A couple of years ago, I received a telephone call at work from my then-7-year-old. Who, by the way, I didn’t even know could use a phone. Bad mommy, I know.
Lilly: Mama, can I be in the multi-cultural fashion show?
Me: Is it tomorrow?
Lilly (laughing): Of course it’s not tomorrow.
Me: Then this conversation can wait until tomorrow. Anyway, why would you be in a multi-cultural fashion show?
Lilly (eyes audibly rolling): I am Jewish, you know.
[Sidenote: the audible eye-rolling at 7 ought to have been a clue that she’s going to give us a run for our money.]
I was intrigued that not only did Lilly sense that her Jewish identity extends beyond issues of faith, but she was willing to stand up and take her place among her Vietnamese, Thai, Japanese, Egyptian, and Indian classmates.
Now we just had to figure out what she should wear. I mean, it isn’t as if one could just go online and find a “Jewish” costume.
Ha-ha! If only this had taken place today. Because now Walmart has made it ever so easy for boys and girls to dress Jewish. Because there is such a high demand?
Looking for a Jewish costume for your son? So very many options from which to choose. He can be “King David“–a costume that is nearly identical to their “Royal King” one only with David Ha-Melech (in Hebrew letters, no less) embroidered on the back. Descended from the lowly Israelites but have a lifelong yearning to be a member of the Levites? No problem. Now your son, or husband as they have adult versions available, can don the “Jewish High Priest” costume. Walmart offers the opportunity to dress up your son as a “Seifer Torah” (Torah scroll), a “Jewish rabbi” (is there any other kind?), and a “Grand Jewish Rabbi.”
And for your daughter? Far fewer choices. She can dress up as one of two Jewish mothers. Before you start screaming stereotype, these are our foremothers, not the one you don’t call (and when you do, the first thing she says is “Why don’t you ever call?”). Yes, for less than $30, your daughter can be “Jewish Mother Rachel” or “Jewish Mother Rivkah.” It seems your daughter can’t dress up as a Jewish rabbi unless what she wants to wear is a costume of an 18th century Lithuanian man–complete with sidecurls and facial hair.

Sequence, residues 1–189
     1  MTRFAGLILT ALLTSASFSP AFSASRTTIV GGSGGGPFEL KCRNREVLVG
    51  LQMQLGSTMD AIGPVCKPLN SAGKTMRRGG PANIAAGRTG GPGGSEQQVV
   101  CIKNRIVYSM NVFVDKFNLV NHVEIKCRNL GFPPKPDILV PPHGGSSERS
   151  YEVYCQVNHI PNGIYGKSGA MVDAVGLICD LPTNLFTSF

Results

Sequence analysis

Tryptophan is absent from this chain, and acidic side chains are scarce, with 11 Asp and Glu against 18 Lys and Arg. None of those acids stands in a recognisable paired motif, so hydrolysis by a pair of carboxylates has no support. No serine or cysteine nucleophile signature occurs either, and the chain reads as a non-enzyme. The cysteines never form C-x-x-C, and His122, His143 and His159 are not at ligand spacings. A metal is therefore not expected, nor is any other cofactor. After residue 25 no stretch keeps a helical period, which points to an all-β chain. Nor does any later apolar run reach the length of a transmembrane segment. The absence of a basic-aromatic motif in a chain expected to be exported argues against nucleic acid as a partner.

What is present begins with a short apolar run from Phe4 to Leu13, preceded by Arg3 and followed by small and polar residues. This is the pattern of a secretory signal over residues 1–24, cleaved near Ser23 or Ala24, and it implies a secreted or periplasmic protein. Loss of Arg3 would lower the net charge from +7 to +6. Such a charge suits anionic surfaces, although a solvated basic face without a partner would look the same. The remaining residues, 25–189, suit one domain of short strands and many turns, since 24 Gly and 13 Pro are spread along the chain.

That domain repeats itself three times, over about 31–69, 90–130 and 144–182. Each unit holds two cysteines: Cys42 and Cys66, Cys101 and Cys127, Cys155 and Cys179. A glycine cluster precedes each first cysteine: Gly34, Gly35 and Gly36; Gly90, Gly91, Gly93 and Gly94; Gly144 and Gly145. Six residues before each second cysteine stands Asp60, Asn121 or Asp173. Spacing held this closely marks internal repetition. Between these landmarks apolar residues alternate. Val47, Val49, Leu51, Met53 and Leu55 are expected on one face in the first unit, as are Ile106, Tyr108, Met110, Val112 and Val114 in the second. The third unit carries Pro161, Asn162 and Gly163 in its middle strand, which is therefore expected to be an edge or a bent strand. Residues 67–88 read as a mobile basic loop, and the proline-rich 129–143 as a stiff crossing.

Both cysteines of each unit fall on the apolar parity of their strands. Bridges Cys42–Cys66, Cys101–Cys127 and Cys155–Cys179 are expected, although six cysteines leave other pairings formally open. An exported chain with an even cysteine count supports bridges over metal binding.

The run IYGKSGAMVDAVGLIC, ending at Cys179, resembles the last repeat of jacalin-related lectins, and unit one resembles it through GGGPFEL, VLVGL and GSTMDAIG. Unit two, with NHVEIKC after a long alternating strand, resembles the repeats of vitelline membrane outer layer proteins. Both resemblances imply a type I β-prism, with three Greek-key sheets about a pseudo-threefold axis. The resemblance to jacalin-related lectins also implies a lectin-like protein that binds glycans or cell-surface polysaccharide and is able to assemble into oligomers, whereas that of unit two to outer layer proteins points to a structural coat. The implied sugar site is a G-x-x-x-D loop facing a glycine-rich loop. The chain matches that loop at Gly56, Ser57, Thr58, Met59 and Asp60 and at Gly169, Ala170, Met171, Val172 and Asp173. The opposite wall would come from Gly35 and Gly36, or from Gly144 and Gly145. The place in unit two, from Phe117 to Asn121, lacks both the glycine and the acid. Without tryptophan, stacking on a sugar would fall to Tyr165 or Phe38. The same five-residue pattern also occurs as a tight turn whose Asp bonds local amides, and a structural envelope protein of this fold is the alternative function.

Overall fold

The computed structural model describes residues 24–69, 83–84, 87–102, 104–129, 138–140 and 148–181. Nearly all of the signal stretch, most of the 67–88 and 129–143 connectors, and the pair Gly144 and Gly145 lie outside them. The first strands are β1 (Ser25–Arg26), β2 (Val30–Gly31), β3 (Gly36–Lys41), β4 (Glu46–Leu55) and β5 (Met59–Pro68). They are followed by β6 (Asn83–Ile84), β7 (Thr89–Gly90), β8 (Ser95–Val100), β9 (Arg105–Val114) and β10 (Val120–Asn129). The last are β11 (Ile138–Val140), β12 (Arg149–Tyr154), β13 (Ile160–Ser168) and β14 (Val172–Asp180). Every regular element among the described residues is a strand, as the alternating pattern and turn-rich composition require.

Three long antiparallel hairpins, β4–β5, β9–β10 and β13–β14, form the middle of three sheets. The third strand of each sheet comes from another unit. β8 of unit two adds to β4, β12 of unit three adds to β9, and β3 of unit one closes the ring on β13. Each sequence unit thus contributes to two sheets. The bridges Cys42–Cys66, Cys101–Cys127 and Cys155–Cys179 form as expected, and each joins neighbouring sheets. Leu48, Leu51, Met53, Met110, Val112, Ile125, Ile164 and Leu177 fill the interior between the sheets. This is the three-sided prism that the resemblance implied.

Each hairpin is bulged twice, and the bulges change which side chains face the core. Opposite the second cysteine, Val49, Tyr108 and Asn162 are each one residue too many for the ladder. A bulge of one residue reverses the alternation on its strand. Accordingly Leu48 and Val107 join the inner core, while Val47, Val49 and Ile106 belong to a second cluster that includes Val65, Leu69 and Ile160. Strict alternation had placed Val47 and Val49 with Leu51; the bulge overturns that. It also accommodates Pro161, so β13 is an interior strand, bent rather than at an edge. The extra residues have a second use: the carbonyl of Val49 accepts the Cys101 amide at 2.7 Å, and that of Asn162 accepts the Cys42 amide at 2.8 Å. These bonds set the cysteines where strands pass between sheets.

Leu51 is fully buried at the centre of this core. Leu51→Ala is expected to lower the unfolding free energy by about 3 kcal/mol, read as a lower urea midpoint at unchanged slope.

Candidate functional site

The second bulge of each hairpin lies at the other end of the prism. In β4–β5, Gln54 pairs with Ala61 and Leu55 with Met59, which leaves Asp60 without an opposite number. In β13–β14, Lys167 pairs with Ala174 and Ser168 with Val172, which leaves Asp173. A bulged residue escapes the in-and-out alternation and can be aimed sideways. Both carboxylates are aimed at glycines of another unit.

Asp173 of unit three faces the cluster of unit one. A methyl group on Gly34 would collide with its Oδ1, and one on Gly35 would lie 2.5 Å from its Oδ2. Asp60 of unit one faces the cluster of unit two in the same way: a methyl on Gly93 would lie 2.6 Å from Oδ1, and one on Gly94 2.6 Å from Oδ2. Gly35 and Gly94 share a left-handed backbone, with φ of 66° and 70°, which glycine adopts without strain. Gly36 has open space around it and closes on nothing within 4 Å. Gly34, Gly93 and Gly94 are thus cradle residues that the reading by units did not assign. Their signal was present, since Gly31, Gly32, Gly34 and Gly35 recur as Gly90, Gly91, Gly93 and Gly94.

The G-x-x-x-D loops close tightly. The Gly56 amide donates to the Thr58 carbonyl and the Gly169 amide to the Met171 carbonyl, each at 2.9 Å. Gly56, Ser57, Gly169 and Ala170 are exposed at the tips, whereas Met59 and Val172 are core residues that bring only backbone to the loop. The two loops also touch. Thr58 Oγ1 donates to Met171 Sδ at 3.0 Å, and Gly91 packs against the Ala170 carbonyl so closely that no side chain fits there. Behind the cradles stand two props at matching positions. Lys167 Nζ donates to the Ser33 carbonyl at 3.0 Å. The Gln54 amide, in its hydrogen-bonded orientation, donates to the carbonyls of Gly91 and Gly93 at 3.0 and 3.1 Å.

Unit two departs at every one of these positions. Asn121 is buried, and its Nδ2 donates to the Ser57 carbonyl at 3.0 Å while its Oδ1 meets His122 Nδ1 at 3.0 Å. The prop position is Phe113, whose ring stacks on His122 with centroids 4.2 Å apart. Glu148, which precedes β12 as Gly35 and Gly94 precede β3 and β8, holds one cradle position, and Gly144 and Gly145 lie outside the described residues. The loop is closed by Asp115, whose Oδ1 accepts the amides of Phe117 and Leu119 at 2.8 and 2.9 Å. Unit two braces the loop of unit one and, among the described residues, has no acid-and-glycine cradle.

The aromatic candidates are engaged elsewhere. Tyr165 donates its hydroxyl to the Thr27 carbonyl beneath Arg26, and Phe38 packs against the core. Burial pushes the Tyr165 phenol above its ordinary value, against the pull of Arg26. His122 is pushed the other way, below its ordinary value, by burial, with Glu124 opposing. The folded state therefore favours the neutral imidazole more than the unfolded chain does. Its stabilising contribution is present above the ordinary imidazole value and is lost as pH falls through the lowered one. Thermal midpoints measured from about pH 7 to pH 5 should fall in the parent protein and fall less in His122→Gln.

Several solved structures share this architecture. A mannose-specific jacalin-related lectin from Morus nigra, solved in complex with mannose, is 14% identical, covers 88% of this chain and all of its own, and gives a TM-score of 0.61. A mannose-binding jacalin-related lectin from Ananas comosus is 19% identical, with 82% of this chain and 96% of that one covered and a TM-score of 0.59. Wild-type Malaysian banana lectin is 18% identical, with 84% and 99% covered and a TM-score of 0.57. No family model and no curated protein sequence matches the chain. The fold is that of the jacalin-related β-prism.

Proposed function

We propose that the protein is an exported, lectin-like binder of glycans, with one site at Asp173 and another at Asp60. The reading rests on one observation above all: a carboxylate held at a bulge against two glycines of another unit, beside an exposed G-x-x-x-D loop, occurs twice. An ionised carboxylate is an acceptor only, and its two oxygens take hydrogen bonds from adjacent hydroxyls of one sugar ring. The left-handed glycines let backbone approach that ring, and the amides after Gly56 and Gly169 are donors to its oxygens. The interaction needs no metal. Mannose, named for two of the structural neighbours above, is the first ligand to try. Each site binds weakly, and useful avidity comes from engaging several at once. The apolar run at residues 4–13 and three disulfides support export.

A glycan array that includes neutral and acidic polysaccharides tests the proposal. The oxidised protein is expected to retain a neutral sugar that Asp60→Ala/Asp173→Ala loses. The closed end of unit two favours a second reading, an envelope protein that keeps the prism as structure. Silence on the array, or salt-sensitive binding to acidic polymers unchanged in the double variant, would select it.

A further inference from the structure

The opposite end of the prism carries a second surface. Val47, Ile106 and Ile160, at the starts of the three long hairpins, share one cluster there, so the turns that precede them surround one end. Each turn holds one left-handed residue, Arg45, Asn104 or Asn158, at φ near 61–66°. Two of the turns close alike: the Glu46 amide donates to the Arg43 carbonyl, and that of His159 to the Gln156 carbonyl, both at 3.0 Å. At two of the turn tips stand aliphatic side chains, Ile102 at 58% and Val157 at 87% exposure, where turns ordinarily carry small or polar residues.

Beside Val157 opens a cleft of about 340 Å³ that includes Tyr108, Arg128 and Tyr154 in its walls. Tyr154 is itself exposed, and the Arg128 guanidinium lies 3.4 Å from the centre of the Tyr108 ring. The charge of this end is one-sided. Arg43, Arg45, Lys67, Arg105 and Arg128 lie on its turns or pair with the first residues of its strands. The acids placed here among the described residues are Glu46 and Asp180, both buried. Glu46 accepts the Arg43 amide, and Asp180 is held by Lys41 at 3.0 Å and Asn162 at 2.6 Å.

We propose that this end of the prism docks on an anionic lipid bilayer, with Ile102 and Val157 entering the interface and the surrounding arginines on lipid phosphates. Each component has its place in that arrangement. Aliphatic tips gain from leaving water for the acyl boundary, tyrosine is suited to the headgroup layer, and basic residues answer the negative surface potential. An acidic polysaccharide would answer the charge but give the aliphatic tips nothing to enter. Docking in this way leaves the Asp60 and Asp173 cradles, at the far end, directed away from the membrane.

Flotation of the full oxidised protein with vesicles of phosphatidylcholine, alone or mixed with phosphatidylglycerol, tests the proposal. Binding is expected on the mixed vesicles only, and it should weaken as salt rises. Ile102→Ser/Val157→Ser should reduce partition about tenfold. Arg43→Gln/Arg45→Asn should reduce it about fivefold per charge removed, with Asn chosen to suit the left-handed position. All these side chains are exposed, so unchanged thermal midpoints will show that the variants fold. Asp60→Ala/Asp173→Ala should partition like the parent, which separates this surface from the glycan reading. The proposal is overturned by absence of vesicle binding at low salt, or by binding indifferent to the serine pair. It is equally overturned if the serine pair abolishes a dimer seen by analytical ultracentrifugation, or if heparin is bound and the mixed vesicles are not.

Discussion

The reactions online have ranged from mild bemusement to out-and-out disgust. I fall somewhere in the middle. On the one hand, it’s just a little bit crazy that Walmart feels there’s enough of a market for these “Jewish” costumes to justify carrying this dreck. On the other hand, it’s a bit insulting that our width and breadth as a people has been narrowed down to these few stereotypical offerings. And who decided which images to caricaturize? There is more to us than these monolithic characters suggest.
What about Judah Maccabee or Deborah?
What about a
or chalutza–the young, strong men and women who pioneered the land of pre-State Israel, making the deserts bloom?
Or shtetl-chic, replete with shmattes on the head?
Or saris as the wives of merchants in Cochin, India?
Rabbi Mordecai Kaplan in his groundbreaking 1934 work,
Judaism as a Civilization
, wrote, “Judaism is not only a religion; it is a people with its own history, identity, culture and civilization.”
Though he might have agreed that includes a people with its own styles of attire, I’m quite confident that cheesy costumes sold at Walmart wasn’t what he had in mind.